There is concern by a regional private sector organization that Guyana’s recently passed local content legislation for the oil and gas industry violates the CARICOM Treaty that Guyana is a party to.
Several regional businesses and organisations intend to approach the Guyana Government and CARICOM on the issue through the CARICOM Private Sector Organization.
The businesses which include a large conglomerate in Trinidad believe the legislation effectively locks them out from doing business in Guyana in the oil and gas industry and shuts the door on fair trade under the CARICOM Single Market and Economy agreement.
The Guyana Private Sector Commission and the Georgetown Chamber of Commerce have both frowned on the concerns being expressed by the regional body.
The two local private sector groups were at the forefront in pushing for the legislation which allows Guyanese-owned companies to be given full preference in many of the undertakings in the oil and gas sector.
In a statement on his Facebook page, the President of the Georgetown Chamber of Commerce, Timothy Tucker said if the Trinidad Private Sector or Government wants to challenge Guyana’s Local Content Legislation, it’s time the Guyana Government exit CSME and review the benefits of Caricom. He reflected on various instances where Guyanese products were blocked from entering the Trinidadian market or even being shipped through Trinidad.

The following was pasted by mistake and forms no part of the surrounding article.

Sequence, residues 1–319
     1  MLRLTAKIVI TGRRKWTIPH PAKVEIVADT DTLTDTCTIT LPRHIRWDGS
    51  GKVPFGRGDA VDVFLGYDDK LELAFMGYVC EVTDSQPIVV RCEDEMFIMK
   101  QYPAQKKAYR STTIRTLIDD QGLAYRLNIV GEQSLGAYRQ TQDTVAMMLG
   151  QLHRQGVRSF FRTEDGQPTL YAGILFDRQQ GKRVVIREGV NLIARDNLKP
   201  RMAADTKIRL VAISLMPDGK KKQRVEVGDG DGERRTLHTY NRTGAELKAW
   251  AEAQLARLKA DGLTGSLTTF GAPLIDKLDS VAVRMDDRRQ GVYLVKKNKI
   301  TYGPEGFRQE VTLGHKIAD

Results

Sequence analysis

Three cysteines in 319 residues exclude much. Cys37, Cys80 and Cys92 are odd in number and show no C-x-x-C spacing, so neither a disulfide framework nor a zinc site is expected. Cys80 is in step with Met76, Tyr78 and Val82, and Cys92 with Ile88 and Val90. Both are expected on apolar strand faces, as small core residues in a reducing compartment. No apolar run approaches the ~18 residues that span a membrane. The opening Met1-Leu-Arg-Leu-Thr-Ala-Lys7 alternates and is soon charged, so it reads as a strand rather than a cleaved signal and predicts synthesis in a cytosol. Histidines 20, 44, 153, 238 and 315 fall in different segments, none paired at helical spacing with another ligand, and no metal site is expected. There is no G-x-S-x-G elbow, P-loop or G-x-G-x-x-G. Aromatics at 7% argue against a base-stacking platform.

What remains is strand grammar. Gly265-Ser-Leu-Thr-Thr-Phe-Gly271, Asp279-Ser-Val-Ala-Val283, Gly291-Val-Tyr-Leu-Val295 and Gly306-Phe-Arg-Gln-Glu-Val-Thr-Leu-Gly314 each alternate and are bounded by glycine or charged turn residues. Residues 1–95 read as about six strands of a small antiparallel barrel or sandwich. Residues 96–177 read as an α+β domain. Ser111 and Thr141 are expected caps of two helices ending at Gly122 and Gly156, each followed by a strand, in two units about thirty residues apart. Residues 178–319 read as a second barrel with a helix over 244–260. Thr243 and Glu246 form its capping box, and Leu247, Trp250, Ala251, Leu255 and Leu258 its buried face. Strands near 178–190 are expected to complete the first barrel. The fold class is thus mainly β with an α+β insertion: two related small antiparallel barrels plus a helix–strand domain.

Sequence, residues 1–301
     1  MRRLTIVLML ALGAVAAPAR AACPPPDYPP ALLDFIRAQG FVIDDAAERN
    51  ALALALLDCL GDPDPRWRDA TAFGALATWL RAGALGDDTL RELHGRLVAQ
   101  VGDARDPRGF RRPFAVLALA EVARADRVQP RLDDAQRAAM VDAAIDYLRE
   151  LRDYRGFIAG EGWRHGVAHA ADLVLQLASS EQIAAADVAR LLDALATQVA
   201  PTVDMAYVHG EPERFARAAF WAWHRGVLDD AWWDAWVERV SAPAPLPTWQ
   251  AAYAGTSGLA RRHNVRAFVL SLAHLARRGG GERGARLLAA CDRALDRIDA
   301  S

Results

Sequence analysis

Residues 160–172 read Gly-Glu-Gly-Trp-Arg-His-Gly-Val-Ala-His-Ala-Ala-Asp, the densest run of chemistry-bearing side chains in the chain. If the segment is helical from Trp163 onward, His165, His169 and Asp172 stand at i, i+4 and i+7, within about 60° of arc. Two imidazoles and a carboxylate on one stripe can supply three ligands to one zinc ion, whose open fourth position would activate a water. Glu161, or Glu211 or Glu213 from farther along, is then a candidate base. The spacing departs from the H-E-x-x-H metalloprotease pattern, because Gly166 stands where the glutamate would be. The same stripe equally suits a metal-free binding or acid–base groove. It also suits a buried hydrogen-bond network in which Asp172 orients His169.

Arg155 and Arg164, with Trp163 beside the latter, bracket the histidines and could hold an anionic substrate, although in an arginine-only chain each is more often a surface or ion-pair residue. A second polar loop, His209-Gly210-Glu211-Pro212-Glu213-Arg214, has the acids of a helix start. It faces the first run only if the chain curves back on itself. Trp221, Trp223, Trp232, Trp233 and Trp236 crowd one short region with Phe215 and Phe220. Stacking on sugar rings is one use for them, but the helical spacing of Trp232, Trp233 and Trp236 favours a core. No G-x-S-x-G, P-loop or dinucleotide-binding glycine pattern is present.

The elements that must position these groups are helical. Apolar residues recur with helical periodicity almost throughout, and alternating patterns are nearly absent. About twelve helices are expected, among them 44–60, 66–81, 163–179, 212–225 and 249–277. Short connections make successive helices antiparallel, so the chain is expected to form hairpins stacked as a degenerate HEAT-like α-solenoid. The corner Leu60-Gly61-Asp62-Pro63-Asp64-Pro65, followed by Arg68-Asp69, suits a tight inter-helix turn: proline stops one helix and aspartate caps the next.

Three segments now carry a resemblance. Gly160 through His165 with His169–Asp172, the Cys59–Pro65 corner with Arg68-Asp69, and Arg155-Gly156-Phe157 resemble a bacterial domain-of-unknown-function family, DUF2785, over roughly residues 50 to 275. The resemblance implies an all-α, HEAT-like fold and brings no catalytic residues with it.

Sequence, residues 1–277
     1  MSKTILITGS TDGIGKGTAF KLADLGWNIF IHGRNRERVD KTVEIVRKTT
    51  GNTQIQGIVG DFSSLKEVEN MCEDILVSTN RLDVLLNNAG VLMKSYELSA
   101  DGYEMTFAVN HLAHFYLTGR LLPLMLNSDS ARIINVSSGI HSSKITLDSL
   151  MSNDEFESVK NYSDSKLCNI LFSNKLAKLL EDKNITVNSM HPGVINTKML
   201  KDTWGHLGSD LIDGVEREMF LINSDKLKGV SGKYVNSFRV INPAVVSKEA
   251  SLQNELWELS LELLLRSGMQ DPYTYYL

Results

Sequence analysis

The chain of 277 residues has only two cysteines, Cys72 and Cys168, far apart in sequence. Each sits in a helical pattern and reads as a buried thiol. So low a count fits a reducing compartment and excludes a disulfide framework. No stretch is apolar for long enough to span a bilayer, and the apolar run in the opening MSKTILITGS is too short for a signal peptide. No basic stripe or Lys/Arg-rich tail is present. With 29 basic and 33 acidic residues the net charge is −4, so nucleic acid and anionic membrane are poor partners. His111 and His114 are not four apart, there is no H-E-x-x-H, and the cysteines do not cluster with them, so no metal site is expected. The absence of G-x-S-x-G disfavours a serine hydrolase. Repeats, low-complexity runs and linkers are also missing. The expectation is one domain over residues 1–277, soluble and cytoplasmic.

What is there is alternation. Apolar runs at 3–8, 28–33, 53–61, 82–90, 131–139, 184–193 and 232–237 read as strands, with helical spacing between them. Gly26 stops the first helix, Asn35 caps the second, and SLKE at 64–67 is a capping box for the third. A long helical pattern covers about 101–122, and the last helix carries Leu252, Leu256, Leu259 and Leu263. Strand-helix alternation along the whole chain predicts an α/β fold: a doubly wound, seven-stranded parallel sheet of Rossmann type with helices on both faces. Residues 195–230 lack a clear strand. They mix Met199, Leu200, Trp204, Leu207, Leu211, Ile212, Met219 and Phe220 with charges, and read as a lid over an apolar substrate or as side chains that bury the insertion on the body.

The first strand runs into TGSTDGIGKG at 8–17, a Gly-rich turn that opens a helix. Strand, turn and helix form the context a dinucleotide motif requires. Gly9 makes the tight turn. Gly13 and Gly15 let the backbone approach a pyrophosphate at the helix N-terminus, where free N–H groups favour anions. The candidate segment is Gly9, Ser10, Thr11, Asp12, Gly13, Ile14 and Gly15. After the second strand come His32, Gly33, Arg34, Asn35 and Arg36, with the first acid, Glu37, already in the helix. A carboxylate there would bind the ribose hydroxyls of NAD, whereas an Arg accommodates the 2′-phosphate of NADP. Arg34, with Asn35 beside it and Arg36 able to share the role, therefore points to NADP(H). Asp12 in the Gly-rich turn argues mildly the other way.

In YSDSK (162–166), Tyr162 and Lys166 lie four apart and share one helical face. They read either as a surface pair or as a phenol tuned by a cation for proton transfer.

Tucker pointed out that there are over 200 business opportunities for businesses in the oil and gas sector and he cannot understand why there would be an issue with the 40 opportunities that were singled out for Guyanese to benefit exclusively.
He further accused Guyanese who might be siding with the position of the Trinidadian businesses of being unpatriotic.
Former Head of the Private Sector Commission Nicholas Deygoo-Boyer referenced the concerns of the head of a Trinidad-based conglomerate about Guyana’s local content legislation.
“The most disrespect I have seen has come from these conglomerates who feel a sense of entitlement, the same ones who ironically have destroyed small businesses in their own backyard, and thereby hurt their own oil industry; now they want to do the same to ours”, Boyer-Deygoo said, as he questioned whether the Trinidadian conglomerated really wanted to compete in the 40 categories in the legislation that have been set aside for Guyanese businesses.
During the debate on the local content legislation, the Opposition while supporting the Bill, had raised concern about whether some sections were in contravention of the CARICOM treaty and other agreements that Guyana had signed onto.
The Government sought to assure there was nothing to worry about.
But the move by the regional business group could see Guyana being challenged at the regional level over its legislation.